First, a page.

Museum Collection: Banner Collection

Archive Collection
  • This material is held at
  • Reference
      GB 106 TWL.banner
  • Dates of Creation
      1908-c.1932
  • Language of Material
      English
  • Physical Description
      53 banners (plus c.48 banners identified in the archives)
  • Direct Link

Scope and Content

As at Jan 2009, The Women's Library held approximately 53 early 20th century banners in the Museum Collection with c.48 additional banners identified in the archives. The earliest banners result from suffrage activities and were created for the suffrage processions and demonstrations.

The first banner used by the suffrage movement was in 1905 (although this does not appear to have survived). The earliest banners held by the Library were created for National Union of Women's Suffrage Society and used in the Procession of Great Women, 1908. It was reported at the time that the Jun 1908 procession used over 800 banners, so only a proportion have survived.

Some of the banners are simple text-based banners, however many were professionally designed by members of suffrage organisations such as the Artist's Suffrage League. The suffragettes exhibited some of the banners in 1908 in Glasgow and Birmingham. The banners were also prominently displayed in the Queen's Hall victory celebration on 13 March 1918.

The collection also includes banners representing two early 20th century women's trade unions: the National Association of Women Civil Servants and the National Union of Women Teachers.

The Women's Library is keen to collect campaigning banners, particularly any that survive from the latter part of the 20th century. Please contact the curator for more details.

There are 32 additional banners in 5GFS Girls' Friendly Society archive.

Banners are also known to survive in the following uncatalogued archives: 5CWM(x6), 5ROW (x2), 5WPF, 5WWP(x1), 6MOW (x3), 6SFP (x1), 6WIE (x1), and 8UNB. [These are currently unavailable to researchers].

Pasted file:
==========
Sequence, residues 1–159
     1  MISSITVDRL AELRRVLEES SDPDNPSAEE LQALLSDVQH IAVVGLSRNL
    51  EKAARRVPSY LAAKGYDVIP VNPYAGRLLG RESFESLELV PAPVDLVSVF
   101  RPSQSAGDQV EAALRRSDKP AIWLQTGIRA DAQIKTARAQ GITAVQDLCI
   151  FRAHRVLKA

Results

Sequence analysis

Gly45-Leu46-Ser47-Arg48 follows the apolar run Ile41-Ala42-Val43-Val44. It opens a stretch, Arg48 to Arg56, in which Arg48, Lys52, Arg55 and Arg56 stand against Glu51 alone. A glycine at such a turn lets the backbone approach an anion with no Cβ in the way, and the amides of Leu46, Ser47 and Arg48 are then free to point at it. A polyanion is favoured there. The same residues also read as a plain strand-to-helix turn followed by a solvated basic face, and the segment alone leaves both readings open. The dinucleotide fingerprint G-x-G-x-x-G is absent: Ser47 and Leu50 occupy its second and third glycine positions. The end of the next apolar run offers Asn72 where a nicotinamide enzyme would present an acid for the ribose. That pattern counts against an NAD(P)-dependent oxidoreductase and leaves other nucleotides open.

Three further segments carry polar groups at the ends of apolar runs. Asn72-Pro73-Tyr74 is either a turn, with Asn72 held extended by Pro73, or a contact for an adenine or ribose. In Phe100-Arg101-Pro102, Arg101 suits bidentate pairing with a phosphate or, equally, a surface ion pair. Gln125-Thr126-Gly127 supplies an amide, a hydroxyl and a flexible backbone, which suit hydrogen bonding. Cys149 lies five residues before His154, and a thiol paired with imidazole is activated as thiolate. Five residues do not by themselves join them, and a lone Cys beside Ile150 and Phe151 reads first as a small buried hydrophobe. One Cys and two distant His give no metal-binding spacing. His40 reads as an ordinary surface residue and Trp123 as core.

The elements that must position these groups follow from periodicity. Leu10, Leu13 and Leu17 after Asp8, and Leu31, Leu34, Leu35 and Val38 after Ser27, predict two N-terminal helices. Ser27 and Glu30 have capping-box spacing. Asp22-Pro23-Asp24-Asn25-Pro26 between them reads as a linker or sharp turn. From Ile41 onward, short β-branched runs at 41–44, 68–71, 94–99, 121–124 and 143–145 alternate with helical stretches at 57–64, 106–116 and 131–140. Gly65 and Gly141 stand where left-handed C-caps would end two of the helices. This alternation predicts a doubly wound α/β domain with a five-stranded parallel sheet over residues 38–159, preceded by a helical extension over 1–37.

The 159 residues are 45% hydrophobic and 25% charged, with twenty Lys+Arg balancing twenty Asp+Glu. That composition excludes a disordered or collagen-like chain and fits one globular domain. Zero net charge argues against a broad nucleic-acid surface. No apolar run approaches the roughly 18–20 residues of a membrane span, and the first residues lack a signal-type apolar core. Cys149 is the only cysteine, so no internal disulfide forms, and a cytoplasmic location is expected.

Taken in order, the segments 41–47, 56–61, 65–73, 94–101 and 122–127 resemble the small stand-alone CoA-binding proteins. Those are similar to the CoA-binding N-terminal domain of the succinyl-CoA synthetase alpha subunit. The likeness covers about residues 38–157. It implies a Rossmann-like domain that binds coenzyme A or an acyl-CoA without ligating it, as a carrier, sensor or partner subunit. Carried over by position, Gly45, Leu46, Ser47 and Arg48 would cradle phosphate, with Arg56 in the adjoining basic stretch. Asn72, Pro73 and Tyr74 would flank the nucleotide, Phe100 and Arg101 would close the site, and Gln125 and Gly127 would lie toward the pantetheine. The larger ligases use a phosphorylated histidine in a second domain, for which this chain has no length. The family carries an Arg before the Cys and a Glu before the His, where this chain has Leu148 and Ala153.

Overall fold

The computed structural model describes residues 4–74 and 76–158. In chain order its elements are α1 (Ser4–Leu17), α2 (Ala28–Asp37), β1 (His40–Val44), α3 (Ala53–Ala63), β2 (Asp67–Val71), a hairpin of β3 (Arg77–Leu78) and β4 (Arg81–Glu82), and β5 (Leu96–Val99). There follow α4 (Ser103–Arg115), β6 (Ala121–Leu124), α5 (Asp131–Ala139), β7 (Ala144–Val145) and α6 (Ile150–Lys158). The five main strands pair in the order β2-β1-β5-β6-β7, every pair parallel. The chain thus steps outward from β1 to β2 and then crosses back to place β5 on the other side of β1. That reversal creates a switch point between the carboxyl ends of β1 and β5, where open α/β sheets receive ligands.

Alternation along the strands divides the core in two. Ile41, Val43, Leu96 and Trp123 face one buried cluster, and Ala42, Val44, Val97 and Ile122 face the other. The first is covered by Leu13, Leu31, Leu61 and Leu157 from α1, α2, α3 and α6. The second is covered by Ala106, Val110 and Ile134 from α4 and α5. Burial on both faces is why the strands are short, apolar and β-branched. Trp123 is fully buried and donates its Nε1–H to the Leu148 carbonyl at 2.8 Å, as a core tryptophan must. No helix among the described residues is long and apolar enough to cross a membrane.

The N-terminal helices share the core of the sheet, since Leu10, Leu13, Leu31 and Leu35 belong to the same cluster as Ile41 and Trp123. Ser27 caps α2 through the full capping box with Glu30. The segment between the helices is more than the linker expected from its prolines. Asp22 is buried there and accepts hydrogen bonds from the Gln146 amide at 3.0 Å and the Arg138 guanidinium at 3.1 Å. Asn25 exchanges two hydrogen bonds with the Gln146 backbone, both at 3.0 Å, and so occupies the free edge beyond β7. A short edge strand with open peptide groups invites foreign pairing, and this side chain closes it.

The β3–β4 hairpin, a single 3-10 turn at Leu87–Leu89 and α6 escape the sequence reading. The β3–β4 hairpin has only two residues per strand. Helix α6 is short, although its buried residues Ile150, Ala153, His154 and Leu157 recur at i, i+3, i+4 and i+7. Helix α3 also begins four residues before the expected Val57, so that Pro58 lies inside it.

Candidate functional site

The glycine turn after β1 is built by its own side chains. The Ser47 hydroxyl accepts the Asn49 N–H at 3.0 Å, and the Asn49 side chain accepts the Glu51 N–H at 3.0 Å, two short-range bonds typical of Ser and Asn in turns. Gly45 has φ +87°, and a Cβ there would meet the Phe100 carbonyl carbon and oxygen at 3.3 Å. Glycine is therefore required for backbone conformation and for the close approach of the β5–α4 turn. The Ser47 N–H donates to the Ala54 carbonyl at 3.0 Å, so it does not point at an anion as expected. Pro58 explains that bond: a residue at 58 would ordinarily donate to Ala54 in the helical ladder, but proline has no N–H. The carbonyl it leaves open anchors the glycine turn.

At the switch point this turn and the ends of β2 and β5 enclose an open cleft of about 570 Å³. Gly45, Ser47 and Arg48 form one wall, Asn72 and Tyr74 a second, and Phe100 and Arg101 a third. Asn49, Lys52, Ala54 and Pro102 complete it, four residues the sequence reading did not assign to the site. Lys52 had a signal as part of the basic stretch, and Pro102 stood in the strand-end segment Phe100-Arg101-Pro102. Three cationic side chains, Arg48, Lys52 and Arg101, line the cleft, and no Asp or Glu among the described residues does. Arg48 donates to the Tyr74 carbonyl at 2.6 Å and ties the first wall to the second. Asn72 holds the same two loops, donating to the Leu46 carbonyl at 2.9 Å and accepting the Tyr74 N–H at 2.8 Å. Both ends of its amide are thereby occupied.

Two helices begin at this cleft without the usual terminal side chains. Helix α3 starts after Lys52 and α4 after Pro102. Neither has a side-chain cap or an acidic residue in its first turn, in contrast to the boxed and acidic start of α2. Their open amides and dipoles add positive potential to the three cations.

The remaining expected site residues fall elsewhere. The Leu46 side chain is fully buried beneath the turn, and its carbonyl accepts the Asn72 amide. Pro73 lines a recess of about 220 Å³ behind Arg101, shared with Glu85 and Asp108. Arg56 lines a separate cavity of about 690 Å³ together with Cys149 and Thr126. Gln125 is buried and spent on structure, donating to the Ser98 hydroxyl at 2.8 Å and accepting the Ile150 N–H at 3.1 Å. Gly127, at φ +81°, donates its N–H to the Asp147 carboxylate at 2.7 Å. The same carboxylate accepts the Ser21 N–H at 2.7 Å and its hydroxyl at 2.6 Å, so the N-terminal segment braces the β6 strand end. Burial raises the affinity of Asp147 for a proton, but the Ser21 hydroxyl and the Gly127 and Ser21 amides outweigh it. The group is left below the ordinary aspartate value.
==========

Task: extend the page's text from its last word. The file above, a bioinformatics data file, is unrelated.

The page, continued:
Administrative / Biographical History

A corporate history of The Women' Library, and of many of the creators of badges held in this collection, is available on The Women's Library archive and museum catalogue.

Conditions Governing Access

Due to their size and fragility banners can be consulted by an appointment with the curator only. Readers are encouraged to use the surrogate images provided with the online catalogue instead.

Acquisition Information

Various, though many were created by the Artist's Suffrage League and the London Society for Women's Suffrage and were probably deposited through the Fawcett Society.

Other Finding Aids

The Women's Library online catalogue

Alternative Form Available

Images of many of these banners can be seen attached to The Women's Library online catalogue. The Women's Library uses Mary Evans Picture Library (MEPL) to provide images from its collections, see www.maryevans.com.

For a copy of the attached image please contact MEPL, quoting the MEPL image reference 10048872 [original held at The Women's Library ref 2ASL/11/55/4]. It shows women with banners representing characters including L-R Joan of Arc, Queen Elizabeth, Lucy Stone and Jenny Lind [the original banners survive in The Women's Library Banner Collection].

Related Material